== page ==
An Austrian museum will exhibit unique fossils of mammoths, woolly rhinos, and cave lions from the last ice age found scattered in an over-21,500-year-old hunter station.
The exhibition, named ‘Animals of the Ice Age – The world of woolly rhinos and cave lions’ was organized by the Department of Palaeontology and Geology in the Natural History Museum (NHM), located in Austria’s capital, Vienna.
According to an NHM press release, the exhibition is expected to captivate visitors with the revealing of three-meter-long male mammoth tusks uncovered during motorway construction work near the village of Bullendorf, located in the Weinviertel district, in the Austrian state of Lower Austria.
The mammoth’s tusks, which had been broken into numerous pieces, took months of preparation before they could be repaired and glued back together.
Due to their good condition and extensive scientific documentation, the two magnificent tusks are considered among the most important mammoth finds in Austria.
The head of the Department of Palaeontology and Geology at NHM Vienna, Dr Mathias Harzhauser, told Zenger News: “The mammoth hunter station at Ruppersthal am Wagram is unique in Austria. A group of hunters camped here 21,500 years ago, cut up mammoth carcasses with flint blades, and then carelessly scattered the bones.”
The extraordinary site was unearthed by NHM researchers, who managed to salvage the bones in bandages from the area, which covers 10 square meters, in 1970.
A special section portraying the original hunter site will reportedly be on display at the exhibition for the first time ever after it was unearthed.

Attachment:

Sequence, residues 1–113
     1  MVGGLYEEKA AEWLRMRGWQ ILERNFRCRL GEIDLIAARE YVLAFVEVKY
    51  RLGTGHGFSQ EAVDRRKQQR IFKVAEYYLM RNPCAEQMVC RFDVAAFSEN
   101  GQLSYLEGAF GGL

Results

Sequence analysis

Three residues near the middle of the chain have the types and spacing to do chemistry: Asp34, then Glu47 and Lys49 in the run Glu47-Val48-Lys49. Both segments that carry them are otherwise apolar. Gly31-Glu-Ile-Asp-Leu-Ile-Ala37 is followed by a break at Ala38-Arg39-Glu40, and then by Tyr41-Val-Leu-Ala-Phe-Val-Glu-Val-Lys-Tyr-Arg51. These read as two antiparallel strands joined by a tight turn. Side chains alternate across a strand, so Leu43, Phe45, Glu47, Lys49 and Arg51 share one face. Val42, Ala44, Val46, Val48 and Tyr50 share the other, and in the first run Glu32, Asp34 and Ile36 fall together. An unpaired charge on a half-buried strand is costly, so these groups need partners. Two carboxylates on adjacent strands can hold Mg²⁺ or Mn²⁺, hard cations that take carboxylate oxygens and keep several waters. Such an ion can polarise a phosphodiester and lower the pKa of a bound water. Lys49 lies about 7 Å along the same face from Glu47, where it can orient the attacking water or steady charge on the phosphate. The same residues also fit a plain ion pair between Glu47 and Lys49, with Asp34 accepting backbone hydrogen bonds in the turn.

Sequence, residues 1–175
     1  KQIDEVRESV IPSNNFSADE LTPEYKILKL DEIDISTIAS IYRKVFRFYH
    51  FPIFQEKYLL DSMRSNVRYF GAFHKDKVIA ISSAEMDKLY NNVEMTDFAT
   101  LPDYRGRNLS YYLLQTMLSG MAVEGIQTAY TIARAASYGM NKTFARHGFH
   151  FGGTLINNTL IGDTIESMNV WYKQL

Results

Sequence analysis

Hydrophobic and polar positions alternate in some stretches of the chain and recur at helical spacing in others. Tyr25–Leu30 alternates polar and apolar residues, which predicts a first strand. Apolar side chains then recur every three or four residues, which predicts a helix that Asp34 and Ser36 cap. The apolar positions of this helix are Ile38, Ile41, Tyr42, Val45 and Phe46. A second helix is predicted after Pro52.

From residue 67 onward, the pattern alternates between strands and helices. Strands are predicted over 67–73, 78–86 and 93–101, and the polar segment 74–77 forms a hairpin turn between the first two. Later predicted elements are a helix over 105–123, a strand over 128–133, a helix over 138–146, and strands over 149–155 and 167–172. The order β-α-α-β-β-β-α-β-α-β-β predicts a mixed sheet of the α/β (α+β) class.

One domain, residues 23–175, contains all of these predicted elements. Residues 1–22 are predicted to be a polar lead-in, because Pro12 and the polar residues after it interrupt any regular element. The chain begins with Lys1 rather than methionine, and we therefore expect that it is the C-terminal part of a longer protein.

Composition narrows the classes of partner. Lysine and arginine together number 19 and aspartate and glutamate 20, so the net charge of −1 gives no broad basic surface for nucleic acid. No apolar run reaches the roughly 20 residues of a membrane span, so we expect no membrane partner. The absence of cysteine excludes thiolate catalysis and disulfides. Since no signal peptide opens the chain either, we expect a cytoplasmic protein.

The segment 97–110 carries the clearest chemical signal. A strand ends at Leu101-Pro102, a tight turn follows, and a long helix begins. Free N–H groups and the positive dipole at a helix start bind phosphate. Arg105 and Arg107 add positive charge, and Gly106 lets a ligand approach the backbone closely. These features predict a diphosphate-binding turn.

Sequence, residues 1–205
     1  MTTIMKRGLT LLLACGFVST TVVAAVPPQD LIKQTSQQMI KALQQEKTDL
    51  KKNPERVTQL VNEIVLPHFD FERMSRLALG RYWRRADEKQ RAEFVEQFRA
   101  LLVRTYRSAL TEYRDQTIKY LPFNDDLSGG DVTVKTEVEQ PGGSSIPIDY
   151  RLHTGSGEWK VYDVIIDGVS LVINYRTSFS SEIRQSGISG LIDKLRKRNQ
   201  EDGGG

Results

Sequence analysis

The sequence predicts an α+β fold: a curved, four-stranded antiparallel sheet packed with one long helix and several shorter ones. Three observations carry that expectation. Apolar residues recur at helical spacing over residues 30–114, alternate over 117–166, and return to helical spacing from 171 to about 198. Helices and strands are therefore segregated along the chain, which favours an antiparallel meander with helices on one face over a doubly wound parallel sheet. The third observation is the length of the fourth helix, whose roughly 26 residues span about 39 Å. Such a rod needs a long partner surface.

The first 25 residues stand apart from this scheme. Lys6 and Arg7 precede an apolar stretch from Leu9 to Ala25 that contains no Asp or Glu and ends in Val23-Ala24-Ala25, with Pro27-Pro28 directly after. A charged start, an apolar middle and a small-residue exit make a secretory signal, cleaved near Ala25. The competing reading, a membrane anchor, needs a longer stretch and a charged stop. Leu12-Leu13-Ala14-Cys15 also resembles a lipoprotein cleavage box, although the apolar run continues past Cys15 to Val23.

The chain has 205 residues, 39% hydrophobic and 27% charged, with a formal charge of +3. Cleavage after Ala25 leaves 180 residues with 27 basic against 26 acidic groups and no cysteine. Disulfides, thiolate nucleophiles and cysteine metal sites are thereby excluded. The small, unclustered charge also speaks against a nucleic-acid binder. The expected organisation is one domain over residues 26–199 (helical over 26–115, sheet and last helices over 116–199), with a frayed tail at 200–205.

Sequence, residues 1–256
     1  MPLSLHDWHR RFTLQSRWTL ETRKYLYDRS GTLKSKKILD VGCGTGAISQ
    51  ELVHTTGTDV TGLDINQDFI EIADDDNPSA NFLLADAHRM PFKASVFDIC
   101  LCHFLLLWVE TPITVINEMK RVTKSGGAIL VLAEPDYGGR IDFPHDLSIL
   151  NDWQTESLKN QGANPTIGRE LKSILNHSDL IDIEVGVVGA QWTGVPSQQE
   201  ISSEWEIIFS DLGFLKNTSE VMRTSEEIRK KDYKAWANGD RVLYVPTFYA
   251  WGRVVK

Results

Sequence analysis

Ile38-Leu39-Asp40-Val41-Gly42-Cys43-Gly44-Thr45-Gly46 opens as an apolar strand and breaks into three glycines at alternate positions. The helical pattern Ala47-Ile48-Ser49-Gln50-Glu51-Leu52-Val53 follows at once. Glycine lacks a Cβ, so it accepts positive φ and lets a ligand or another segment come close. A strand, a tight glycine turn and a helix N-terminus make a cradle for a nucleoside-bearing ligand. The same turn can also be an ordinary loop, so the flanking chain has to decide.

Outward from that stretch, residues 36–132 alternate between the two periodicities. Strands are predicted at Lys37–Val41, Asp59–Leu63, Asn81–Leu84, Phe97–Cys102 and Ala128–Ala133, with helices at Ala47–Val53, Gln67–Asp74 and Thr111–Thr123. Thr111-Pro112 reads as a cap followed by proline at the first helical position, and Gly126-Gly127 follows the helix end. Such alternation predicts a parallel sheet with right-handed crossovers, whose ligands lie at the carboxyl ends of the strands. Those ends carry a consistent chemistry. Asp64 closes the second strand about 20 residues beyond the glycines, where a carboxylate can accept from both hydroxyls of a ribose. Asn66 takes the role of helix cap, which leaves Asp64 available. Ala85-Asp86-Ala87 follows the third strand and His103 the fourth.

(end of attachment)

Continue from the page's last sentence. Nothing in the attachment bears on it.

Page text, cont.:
The show is set in the Fossil World Weinviertel archaeological museum, located in the town of Stetten, from 2nd April to 31st October.
The Fossil World Weinviertel archaeological museum holds the largest accessible fossilized oyster reef on Earth, which dates back to around 17 million years ago.
With a collection of over 15,000 giant oysters, the reef is accessible in a 400-square-meter hall, including a 17-meter-high observation tower and a cinema.
Mammoths lived from around 5 million years ago to about 4,000 years ago. Various species existed in Africa, Europe, Asia, and North America.
Mammoths were commonly equipped with long, curved tusks and, in northern species, a covering of long hair.
The last species to emerge was the woolly mammoth (M. primigenius), which developed about 400,000 years ago in East Asia.
Some specimens are believed to have still possibly been extant during the construction of the Great Pyramid of ancient Egypt.